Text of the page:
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Title: Sorption/desorption reversibility of phenanthrene in soils and carbonaceous materials

Abstract

Sorption/desorption of phenanthrene in two soil samples and carbonaceous materials was found to yield co-incident equilibrium isotherms and no significant hysteresis was observed. Additionally, release of native phenanthrene was investigated. Equilibrium sorption and desorption isotherms were determined using pulverized samples of Pahokee peat, lignite, and high-volatile bituminous coal, a mineral soil, and an anthropogenic soil. Instead of the conventional decant-and-refill batch method, sorption/desorption was driven by temperature changes using consistent samples. Sorption started at 77{sup o}C and was increased by reducing the temperature stepwise to 46, 20, and finally 4{sup o}C. For desorption the temperature was increased stepwise again until 77{sup o}C was reached. Besides the co-incident sorption and desorption isotherms at each temperature step, the solubility-normalized sorption/desorption isotherms of all different temperatures collapse to unique overall isotherms. Leaching of native phenanthrene occurred at much lower concentrations but was well predicted by extrapolation of the spiked sorption isotherms indicating that the release of native phenanthrene involves the same sorption/desorption mechanisms as those for newly added phenanthrene. 35 refs., 4 figs., 5 tabs.

Authors:
; ;  [1]
  1. University of Tuebingen, Tuebingen (Germany). Center for Applied Geoscience
Publication Date:
OSTI Identifier:
20862367
Resource Type:
Journal Article
Resource Relation:
Journal Name: Environmental Science and Technology; Journal Volume: 41; Journal Issue: 4; Other Information: grathwohl@uni-tuebingen.de
Country of Publication:
United States
Language:
English
Subject:
54 ENVIRONMENTAL SCIENCES; 01 COAL, LIGNITE, AND PEAT; SORPTION; DESORPTION; PHENANTHRENE; SOILS; CARBONACEOUS MATERIALS; ADSORPTION ISOTHERMS; PEAT; LIGNITE; BITUMINOUS COAL; TEMPERATURE DEPENDENCE; LEACHING; BENCH-SCALE EXPERIMENTS; SOLVENT EXTRACTION; MATERIALS RECOVERY; DISTRIBUTION

Citation Formats

Guohui Wang, Sybille Kleineidam, and Peter Grathwohl. Sorption/desorption reversibility of phenanthrene in soils and carbonaceous materials. United States: N. p., 2007. Web. doi:10.1021/es060805s.
Guohui Wang, Sybille Kleineidam, & Peter Grathwohl. Sorption/desorption reversibility of phenanthrene in soils and carbonaceous materials. United States. doi:10.1021/es060805s.
Guohui Wang, Sybille Kleineidam, and Peter Grathwohl. Thu . "Sorption/desorption reversibility of phenanthrene in soils and carbonaceous materials". United States. doi:10.1021/es060805s.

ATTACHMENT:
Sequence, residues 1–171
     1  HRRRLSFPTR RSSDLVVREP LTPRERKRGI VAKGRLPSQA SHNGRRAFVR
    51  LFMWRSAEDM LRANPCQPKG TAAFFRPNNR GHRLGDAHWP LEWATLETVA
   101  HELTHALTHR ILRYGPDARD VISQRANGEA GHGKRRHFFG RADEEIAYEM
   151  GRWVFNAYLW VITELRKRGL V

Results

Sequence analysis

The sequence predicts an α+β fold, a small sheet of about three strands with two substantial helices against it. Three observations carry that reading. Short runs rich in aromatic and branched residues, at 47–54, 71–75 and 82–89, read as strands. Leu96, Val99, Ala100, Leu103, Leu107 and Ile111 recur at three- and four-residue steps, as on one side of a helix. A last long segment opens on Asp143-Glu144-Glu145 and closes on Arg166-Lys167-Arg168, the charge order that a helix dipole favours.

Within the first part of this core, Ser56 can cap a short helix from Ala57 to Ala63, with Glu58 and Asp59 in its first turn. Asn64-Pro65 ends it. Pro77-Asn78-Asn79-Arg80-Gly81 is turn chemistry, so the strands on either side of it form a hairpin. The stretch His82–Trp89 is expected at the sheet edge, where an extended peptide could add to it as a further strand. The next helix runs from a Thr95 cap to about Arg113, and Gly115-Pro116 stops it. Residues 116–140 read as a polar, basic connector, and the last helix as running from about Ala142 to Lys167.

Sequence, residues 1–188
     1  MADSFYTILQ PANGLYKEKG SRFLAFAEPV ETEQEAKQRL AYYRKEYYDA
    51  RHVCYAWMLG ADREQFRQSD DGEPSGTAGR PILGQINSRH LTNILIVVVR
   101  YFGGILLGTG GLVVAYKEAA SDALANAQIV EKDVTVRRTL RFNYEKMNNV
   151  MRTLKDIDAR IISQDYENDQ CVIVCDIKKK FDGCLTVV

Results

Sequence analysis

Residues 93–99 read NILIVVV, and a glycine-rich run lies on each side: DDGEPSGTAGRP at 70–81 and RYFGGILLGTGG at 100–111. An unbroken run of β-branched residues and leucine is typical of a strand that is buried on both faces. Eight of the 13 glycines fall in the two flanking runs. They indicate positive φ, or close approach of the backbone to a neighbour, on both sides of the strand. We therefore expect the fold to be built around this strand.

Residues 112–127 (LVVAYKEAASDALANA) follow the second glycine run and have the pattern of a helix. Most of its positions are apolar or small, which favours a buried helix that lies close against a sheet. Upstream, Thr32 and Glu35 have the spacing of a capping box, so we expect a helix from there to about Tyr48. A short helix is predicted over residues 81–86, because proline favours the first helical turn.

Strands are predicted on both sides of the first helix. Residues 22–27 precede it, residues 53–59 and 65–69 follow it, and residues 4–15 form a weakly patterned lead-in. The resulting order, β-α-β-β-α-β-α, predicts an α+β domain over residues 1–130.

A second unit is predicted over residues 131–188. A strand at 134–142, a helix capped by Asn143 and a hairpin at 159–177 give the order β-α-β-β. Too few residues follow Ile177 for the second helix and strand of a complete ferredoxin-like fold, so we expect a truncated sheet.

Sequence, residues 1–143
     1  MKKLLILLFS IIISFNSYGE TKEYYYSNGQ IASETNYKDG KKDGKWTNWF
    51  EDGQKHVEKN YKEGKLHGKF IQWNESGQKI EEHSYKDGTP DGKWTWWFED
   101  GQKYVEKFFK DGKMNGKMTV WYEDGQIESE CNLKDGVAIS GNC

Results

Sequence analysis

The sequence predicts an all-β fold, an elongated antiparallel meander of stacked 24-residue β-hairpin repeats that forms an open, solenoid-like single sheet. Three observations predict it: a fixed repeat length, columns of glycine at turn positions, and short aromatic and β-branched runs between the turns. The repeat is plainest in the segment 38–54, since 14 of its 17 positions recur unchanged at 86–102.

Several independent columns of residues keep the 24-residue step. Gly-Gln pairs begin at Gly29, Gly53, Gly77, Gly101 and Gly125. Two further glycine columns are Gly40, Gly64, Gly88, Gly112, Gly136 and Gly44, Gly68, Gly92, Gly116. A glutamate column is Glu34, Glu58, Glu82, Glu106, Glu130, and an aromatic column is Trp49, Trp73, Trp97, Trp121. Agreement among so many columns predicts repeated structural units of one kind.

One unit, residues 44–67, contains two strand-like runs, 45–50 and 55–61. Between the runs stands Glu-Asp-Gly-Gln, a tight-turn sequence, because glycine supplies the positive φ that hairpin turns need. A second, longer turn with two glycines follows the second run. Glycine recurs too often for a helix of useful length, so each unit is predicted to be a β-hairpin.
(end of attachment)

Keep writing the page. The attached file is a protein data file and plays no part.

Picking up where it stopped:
@article{osti_20862367,
title = {Sorption/desorption reversibility of phenanthrene in soils and carbonaceous materials},
author = {Guohui Wang and Sybille Kleineidam and Peter Grathwohl},
abstractNote = {Sorption/desorption of phenanthrene in two soil samples and carbonaceous materials was found to yield co-incident equilibrium isotherms and no significant hysteresis was observed. Additionally, release of native phenanthrene was investigated. Equilibrium sorption and desorption isotherms were determined using pulverized samples of Pahokee peat, lignite, and high-volatile bituminous coal, a mineral soil, and an anthropogenic soil. Instead of the conventional decant-and-refill batch method, sorption/desorption was driven by temperature changes using consistent samples. Sorption started at 77{sup o}C and was increased by reducing the temperature stepwise to 46, 20, and finally 4{sup o}C. For desorption the temperature was increased stepwise again until 77{sup o}C was reached. Besides the co-incident sorption and desorption isotherms at each temperature step, the solubility-normalized sorption/desorption isotherms of all different temperatures collapse to unique overall isotherms. Leaching of native phenanthrene occurred at much lower concentrations but was well predicted by extrapolation of the spiked sorption isotherms indicating that the release of native phenanthrene involves the same sorption/desorption mechanisms as those for newly added phenanthrene. 35 refs., 4 figs., 5 tabs.},
doi = {10.1021/es060805s},
journal = {Environmental Science and Technology},
number = 4,
volume = 41,
place = {United States},
year = {Thu Feb 15 00:00:00 EST 2007},
month = {Thu Feb 15 00:00:00 EST 2007}
}